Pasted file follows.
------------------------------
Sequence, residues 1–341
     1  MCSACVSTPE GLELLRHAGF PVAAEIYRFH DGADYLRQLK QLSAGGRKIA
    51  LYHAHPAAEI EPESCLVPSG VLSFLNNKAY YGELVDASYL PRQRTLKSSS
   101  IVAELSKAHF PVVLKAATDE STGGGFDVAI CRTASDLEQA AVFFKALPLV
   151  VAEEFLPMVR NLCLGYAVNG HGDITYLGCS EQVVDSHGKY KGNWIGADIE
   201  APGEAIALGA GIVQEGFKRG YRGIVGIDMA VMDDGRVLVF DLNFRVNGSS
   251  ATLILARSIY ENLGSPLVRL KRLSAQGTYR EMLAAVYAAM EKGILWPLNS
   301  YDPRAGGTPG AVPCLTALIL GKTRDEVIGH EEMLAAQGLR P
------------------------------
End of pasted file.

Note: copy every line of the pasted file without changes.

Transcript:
Sequence, residues 1–341
     1  MCSACVSTPE GLELLRHAGF PVAAEIYRFH DGADYLRQLK QLSAGGRKIA
    51  LYHAHPAAEI EPESCLVPSG VLSFLNNKAY YGELVDASYL PRQRTLKSSS
   101  IVAELSKAHF PVVLKAATDE STGGGFDVAI CRTASDLEQA AVFFKALPLV
   151  VAEEFLPMVR NLCLGYAVNG HGDITYLGCS EQVVDSHGKY KGNWIGADIE
   201  APGEAIALGA GIVQEGFKRG YRGIVGIDMA VMDDGRVLVF DLNFRVNGSS
   251  ATLILARSIY ENLGSPLVRL KRLSAQGTYR EMLAAVYAAM EKGILWPLNS
   301  YDPRAGGTPG AVPCLTALIL GKTRDEVIGH EEMLAAQGLR P